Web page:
Repeats the sequence of commands between the FOREACH command and the corresponding END command once for each element in the vector. Each time through the loop, variable takes on the value of successive elements from the second argument, vector. The vector may be a literal vector and it may have named constants as elements. So the following would be legal: NAME jan feb mar apr may jun \ jul aug sep oct nov dec FOREACH month jan,dec . . .'some computation using month END You can also use the two or threeterm sequence notation to control the FOREACH loop as shown here: FOREACH n 1,10,0.1 LOG10 n log10N SCORE n Number SCORE log10N NaturalLog END PRINT table number naturalLog The above program segment will repeat the commands in the loop with n taking on the values from 1 through 10 in steps of 0.1. That is, the loop will be executed with n equal to 1, then to 1.1, then to 1.2, etc., until it reaches 10 (inclusive). The three terms of the sequence notation may also be variable names as shown here: FOREACH n low,high,step ... END And the sequence can be reversed to loop from high to low as shown here: FOREACH n low,high,step ... END The step value must always be positive. See also the BREAK, REPEAT, IF, UNTIL, and WHILE commands.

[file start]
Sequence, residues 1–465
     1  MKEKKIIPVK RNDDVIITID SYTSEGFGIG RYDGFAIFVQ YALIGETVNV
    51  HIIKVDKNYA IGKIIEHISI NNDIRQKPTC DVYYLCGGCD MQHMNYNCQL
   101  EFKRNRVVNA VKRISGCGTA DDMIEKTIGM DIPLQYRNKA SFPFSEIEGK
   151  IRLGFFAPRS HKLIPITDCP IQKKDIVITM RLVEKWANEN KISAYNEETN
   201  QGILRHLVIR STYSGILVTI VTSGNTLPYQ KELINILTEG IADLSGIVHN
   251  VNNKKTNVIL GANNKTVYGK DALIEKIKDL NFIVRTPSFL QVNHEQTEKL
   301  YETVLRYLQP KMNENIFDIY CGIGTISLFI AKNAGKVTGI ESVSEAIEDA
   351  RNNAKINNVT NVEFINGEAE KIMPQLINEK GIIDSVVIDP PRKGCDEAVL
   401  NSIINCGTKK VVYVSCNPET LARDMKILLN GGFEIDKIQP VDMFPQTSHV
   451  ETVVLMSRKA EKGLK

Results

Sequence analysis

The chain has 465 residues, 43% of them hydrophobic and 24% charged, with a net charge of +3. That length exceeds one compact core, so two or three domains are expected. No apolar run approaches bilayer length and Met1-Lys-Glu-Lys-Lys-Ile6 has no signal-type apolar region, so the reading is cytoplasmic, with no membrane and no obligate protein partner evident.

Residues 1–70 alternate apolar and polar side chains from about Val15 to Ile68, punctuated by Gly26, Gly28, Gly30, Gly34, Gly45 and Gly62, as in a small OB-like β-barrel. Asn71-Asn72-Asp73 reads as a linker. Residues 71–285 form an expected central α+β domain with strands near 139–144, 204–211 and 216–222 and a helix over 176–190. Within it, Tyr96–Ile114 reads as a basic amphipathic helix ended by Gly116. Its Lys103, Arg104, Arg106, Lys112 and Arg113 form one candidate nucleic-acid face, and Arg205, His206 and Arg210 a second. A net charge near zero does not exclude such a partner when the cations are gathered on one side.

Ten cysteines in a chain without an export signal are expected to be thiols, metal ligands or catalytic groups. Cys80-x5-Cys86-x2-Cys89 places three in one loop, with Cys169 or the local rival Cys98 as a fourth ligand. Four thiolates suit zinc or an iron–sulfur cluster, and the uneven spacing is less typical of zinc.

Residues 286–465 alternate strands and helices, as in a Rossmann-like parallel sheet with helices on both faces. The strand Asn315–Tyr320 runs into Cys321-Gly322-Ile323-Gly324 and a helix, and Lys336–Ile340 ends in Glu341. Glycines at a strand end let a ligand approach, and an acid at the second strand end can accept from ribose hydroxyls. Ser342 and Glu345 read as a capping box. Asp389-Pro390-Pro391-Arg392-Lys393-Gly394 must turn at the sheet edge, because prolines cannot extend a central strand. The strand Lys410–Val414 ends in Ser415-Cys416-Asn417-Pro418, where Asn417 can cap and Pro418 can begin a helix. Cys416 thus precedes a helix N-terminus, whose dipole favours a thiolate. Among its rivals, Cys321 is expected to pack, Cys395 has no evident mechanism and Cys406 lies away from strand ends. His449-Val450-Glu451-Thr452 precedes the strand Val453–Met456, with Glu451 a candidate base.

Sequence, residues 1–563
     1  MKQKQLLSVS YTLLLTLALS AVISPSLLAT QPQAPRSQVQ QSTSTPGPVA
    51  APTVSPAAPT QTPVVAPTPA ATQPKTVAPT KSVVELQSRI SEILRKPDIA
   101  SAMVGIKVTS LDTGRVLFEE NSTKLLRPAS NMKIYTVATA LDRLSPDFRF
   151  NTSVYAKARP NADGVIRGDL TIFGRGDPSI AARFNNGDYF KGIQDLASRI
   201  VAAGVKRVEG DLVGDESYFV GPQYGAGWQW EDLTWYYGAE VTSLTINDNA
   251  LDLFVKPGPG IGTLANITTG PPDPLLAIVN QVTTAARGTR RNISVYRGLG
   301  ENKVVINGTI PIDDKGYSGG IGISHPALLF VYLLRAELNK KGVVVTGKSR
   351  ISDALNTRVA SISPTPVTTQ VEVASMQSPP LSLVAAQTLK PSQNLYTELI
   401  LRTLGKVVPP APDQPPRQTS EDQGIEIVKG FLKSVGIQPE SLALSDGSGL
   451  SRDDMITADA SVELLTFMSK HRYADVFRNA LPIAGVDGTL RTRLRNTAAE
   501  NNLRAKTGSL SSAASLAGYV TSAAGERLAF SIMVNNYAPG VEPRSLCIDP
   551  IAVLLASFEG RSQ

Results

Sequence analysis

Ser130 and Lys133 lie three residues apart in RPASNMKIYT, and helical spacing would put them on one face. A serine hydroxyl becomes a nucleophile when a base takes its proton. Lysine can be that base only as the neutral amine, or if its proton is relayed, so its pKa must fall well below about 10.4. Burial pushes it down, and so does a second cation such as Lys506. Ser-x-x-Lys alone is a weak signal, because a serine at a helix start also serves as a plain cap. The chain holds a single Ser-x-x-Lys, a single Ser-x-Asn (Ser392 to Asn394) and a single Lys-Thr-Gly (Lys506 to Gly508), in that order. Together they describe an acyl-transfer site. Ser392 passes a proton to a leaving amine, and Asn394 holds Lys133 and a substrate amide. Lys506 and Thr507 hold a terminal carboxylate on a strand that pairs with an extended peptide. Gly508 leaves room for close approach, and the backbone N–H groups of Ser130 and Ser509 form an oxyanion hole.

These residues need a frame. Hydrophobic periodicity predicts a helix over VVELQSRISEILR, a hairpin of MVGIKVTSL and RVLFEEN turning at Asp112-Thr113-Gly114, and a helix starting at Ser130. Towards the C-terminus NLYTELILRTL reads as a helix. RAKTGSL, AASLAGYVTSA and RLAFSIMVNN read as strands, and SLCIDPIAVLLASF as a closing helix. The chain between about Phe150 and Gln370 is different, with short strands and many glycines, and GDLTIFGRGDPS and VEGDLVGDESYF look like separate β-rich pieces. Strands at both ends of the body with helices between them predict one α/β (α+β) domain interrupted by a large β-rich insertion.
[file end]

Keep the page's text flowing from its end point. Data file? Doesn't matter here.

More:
This program shows the effect of the FOREACH command: COPY 1,10 Numbers FOREACH number numbers PRODUCT 1,number factorial SCORE factorial Factorials END PRINT table numbers factorials This produces: Numbers Factorials 1 1 2 2 3 6 4 24 5 120 6 720 7 5040 8 40320 9 362880 10 3.6288E06 Here's a more practical application using the FOREACH command. It is a Monte Carlo simulation of investment performance: 'Assume you are retiring and have 1 million dollars to 'invest and that you are considering investing it in a 'mutual fund that tracks the NASDAQ index. Assume further 'that each year you will withdraw $80,000 from the fund for 'living expenses. 'Given the data for the historical annual changes in the NASDAQ 'index, analyze it to estimate the range of balances 'within 1 standard deviation of the mean if you invested 'as described. 'Also, calculate the probabilities of having a gain 'and a loss after 30 years as well as the probability of 'going broke sometime within the 30 years. Use variables 'for these numbers (1 million dollars, 30 years, $80,000) so 'you can change the assumptions easily to compare scenarios. 'For simplicity, ignore costs, dividends, and inflation. 'Data from: ' http://www.finfacts.com/Private/curency/nasdaqcompositeperformance.htm 'Annual fractional price change of Nasdaq 19302006: DATA (0.1018 0.0173 0.1733 0.0905 0.2214 \ 0.2390 0.3313 0.1099 0.0553 0.0924 0.0702 \ 0.2284 0.1045 0.0138 0.0248 0.4553 0.1534 \ 0.1135 0.1850 0.4155 0.0693 0.0147 0.3166 \ 0.1502 0.2044 0.2312 0.1715 0.0455 0.2659 \ 0.2577 0.0236 0.0984 0.2736 0.1718 0.3106 \ 0.3511 0.2976 0.2610 0.0733 0.1231 0.2811 \ 0.3388 0.0321 0.1867 0.1987 0.1122 0.3115 \ 0.0753 0.0526 0.1541 0.1926 0.1780 0.5684 \ 0.1545 0.1475 0.0320 0.3992 0.2271 0.2164 \ 0.3963 0.8559 0.3929 0.2105 0.3153 0.5001 \ 0.0859 0.0137 0.0188) nasdaqData DATA 30 numberOfYears DATA 1000000 initialInvestment DATA 80000 annualWithdrawal NAME 10000 repeatCount 'Add 1 to the gains to get annual gain factors ADD 1 nasdaqData nasdaqGainFactors REPEAT repeatCount COPY initialInvestment balance SAMPLE numberOfYears nasdaqGainFactors sampleHistory FOREACH yearlyGain sampleHistory MULTIPLY balance yearlyGain balance SUBTRACT balance annualWithdrawal balance IF balance <= 0 BREAK 'We're broke, so skip to next history END END SCORE balance FinalBalances END 'Compute median and 1 std dev below median and 1 above: PERCENTILE FinalBalances (15.87 50 84.13) oneStdevRangeOfBalances COUNT FinalBalances <initialInvestment numberOfLosingPeriods COUNT FinalBalances >initialInvestment numberOfGainingPeriods COUNT FinalBalances <=0 numberOfBrokePeriods DIVIDE numberOfLosingPeriods repeatCount probabilityOfLoss DIVIDE numberOfGainingPeriods repeatCount probabilityOfGain DIVIDE numberOfBrokePeriods repeatCount probabilityOfGoingBroke PRINT " " initialInvestment numberOfYears annualWithdrawal PRINT probabilityOfGain probabilityOfLoss probabilityOfGoingBroke PRINT oneStdevRangeOfBalances%8.0F